That Gnome 3 complaint is almost certainly a for-technical-reasons one. The problem is that you can look at a window and observe that it's open, and make a good guess about which app it belongs to, but that doesn't necessarily give you enough information to be able to open another copy of the app.
(I've been looking into the technical details behind this in an attempt to improve it for Unity, and I'm reasonably sure there's no 100% reliable way to figure it out. Unity's solution seems to be just to randomly fail when it can't figure it. Gnome 3 is presumably only making it possible when it's sure it'll work.)
I tried using the Ribbon for a while. I found that it was mostly intuitive (although try finding something like the double underline in Microsoft Word if you don't already know where it is; it's awkward in both pre-Ribbon and Ribbon versions, but somewhat harder with the Ribbon), but my main issue is simply that it takes more clicks. With toolbar+menu, if something's used a lot it's on the toolbar in a known place and can be accessed with one click. If something isn't used a lot, I can still access it through the menus. On the other hand, with the Ribbon, the number of clicks it takes to do something depends on whatever you did last, so it's not only more for common tasks than a menu+toolbar is on average, but it's also inconsistent; unless you do a useless click on a Ribbon tab even if it's already open, your muscle memory is going to be screwed up.
(And another observation: why isn't the "save" button on the ribbon in Microsoft Office programs? It got moved to a separate area precisely because it's commonly used and the Ribbon is bad at handling commonly used commands.)
I have spam filters, but they're set not to delete spam mail I receive; rather, they just tag it as spam in the subject line and let me choose whether or not to read the mail. So I guess I check the caught spam every time I check my email.
On the other hand, I don' t think I ever check for messages deleted by my Usenet killfile. Spam is one thing, but trolls are another.
The miners put most of the computational effort in for you; typically you pay a small fee to encourage them to put your transaction into the chain. Usually the buyer will pay the transaction fee, and the seller won't count the sale as complete until it goes sufficiently far back in the train. (In other words, while Bitcoin transactions are instant, it takes a nontrivial amount of time to determine for a fact whether a transaction happened or not. And as such, a cautious seller won't release the goods immediately, but wait until there's enough effort in recording that version of events that nobody's unlikely to override it with a new one.)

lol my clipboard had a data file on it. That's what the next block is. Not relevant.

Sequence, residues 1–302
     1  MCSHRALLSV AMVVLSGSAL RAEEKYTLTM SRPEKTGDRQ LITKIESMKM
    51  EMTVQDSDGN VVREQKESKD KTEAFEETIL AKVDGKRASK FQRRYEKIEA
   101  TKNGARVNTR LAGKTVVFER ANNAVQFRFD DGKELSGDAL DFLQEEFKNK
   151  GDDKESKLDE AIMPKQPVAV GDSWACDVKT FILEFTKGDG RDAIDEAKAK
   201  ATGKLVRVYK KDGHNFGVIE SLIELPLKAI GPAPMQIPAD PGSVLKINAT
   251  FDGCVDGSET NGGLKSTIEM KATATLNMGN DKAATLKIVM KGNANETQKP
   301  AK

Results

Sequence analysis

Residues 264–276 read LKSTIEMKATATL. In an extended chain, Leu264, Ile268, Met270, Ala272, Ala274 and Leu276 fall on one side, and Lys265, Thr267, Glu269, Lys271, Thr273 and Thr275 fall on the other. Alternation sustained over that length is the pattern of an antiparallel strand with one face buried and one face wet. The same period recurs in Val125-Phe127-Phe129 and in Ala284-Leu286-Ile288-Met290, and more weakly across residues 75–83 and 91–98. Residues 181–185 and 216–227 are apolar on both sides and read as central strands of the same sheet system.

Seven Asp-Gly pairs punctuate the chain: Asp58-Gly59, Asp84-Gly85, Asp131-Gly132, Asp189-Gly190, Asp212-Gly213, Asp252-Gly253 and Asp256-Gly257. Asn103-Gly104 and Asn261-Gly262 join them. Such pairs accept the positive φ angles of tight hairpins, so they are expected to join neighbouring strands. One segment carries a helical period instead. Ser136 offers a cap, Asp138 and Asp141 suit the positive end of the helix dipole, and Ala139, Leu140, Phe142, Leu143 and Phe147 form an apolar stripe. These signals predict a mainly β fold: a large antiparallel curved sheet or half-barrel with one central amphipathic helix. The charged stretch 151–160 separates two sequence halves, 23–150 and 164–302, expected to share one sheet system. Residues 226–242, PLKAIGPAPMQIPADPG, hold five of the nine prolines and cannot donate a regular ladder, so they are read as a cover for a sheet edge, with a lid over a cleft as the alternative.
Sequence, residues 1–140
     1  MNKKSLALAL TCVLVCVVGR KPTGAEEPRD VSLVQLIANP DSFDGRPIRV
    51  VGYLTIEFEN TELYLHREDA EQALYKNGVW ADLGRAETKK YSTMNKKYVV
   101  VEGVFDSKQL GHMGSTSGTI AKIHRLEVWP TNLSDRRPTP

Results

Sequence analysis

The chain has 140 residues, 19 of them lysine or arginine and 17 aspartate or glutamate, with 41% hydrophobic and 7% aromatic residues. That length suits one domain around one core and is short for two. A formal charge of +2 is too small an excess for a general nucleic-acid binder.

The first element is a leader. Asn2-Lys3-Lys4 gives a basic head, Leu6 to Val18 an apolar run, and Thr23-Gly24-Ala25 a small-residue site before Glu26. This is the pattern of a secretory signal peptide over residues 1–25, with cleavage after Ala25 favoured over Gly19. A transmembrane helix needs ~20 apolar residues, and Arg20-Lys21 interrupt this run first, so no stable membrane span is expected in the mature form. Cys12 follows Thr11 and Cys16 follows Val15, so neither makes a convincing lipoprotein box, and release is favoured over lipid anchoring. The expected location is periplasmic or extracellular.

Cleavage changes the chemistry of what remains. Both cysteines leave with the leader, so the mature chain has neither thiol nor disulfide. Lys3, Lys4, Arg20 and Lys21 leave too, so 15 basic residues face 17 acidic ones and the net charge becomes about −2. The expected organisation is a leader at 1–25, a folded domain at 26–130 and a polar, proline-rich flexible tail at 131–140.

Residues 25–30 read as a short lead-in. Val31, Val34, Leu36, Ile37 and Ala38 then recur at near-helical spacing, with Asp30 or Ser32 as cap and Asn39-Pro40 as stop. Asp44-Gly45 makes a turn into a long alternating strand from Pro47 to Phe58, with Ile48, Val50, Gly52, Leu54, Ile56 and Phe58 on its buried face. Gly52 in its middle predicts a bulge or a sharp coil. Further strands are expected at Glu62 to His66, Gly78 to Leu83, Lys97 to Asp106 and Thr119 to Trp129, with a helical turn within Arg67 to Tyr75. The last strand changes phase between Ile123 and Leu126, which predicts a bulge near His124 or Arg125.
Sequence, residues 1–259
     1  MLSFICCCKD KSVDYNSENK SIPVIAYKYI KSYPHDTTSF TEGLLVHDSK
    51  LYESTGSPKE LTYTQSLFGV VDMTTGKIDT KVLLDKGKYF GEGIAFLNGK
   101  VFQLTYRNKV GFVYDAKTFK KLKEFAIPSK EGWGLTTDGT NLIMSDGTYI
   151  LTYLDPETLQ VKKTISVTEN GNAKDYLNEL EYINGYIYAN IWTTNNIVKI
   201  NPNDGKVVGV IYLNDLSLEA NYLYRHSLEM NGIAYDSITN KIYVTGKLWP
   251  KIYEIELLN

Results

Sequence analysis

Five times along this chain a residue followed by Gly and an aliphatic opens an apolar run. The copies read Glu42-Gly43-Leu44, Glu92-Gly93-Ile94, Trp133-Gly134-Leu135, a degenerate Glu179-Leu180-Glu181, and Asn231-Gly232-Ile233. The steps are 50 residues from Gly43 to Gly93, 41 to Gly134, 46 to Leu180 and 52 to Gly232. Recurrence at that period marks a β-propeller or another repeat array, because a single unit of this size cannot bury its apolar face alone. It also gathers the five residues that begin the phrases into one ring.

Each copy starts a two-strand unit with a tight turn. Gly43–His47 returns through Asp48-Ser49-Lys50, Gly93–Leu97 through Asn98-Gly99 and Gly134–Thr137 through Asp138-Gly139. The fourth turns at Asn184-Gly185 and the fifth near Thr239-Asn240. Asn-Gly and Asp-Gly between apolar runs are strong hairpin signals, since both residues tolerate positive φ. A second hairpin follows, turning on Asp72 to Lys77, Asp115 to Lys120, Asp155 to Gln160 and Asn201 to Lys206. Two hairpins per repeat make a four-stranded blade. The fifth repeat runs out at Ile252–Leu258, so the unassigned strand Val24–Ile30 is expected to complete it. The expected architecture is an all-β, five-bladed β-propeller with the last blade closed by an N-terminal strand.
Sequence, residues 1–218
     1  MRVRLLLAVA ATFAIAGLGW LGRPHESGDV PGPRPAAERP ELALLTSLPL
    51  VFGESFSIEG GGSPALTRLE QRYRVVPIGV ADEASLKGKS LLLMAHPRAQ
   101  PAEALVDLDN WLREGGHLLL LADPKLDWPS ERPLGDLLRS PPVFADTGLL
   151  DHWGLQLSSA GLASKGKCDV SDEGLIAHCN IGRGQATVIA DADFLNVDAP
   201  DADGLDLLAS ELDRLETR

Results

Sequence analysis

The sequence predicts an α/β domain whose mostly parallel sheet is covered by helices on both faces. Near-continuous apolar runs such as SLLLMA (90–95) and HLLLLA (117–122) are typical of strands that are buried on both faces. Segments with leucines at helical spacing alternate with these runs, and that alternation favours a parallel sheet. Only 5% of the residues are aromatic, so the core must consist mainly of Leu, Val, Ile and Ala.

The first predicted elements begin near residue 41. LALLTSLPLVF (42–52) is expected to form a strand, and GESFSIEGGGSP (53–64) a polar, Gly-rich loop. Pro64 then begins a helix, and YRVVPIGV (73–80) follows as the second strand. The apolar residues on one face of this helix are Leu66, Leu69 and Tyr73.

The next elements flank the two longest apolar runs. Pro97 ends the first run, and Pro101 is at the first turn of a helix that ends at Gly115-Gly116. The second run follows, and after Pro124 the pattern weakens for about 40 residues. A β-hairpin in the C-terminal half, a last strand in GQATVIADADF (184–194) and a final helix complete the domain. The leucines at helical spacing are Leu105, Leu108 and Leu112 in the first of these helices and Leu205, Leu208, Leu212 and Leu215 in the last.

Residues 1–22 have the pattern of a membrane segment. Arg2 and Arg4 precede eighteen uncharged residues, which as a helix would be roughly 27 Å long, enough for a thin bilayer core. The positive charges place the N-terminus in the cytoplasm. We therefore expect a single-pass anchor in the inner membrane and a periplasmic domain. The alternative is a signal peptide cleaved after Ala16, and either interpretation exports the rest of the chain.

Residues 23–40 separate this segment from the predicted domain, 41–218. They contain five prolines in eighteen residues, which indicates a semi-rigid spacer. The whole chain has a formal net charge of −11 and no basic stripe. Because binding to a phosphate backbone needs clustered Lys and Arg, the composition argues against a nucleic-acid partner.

So if the mining stopped, nobody would be recording transactions any more. As such, double-spending would be trivial; you could repeatedly do a small amount of mining to satisfy one person that they had the coin, then a bit more to change the history's idea of where the coin went and give it to someone else (or a second account you control). As such, people would have to wait for a very long time in order to be satisfied that a transaction were genuine if there were no mining, and this would make transactions basically impossible. A currency is worth nothing if you can't meaningfully trade it.
It's a proof-of-work calculation that records a transaction history. Basically, it's to prevent double-spending; if someone attempts to transfer the same bitcoin to two different people, the person who gets it is the person who had more computational effort go into recording them as having it. If the amount of computational effort in recording transaction histories were low enough, someone could double-spend by recording an alternative history on a powerful computer and having it supersede the transaction history everyone thought they were using.
In order to encourage people to put effort into recording the history, there's a reward for doing so. This lead (perhaps predictably) to "mining", where people race to record the transaction history first in order to get the reward.
So there is a purpose to mining, but it's only to keep the Bitcoin system itself running. If people stopped mining (perhaps because the reward got low enough), Bitcoin would collapse. (It's envisaged that once the mining reward gets low enough, people transferring bitcoins will pay a transfer fee to the miners to encourage them to keep mining, and they'd get their income that way instead.)
Reading the ruling (it's at the last link in the summary) is quite interesting. Basically what happened is that Apple tried to exploit technicalities in the judge's wording, and the judges found a bunch of technicalities in Apple's statement to find it invalid anyway.
(For instance, the judges focused on the facts that the court case had nothing, technically, to do with the iPad, and that patents weren't involved, both of which contradict Apple's original statement.)
Life is difficult because it is non-linear.